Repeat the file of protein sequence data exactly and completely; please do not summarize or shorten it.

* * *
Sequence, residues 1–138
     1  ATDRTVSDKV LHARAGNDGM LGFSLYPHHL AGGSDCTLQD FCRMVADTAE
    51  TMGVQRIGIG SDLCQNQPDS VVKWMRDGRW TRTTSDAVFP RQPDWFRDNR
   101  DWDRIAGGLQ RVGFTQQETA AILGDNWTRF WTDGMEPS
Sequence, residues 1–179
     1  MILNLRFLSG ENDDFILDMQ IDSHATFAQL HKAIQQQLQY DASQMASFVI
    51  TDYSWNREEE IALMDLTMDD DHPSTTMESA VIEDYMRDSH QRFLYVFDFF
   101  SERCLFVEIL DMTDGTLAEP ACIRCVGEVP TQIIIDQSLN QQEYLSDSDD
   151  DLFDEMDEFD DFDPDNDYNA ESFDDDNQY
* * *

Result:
Sequence, residues 1–138
     1  ATDRTVSDKV LHARAGNDGM LGFSLYPHHL AGGSDCTLQD FCRMVADTAE
    51  TMGVQRIGIG SDLCQNQPDS VVKWMRDGRW TRTTSDAVFP RQPDWFRDNR
   101  DWDRIAGGLQ RVGFTQQETA AILGDNWTRF WTDGMEPS
Sequence, residues 1–179
     1  MILNLRFLSG ENDDFILDMQ IDSHATFAQL HKAIQQQLQY DASQMASFVI
    51  TDYSWNREEE IALMDLTMDD DHPSTTMESA VIEDYMRDSH QRFLYVFDFF
   101  SERCLFVEIL DMTDGTLAEP ACIRCVGEVP TQIIIDQSLN QQEYLSDSDD
   151  DLFDEMDEFD DFDPDNDYNA ESFDDDNQY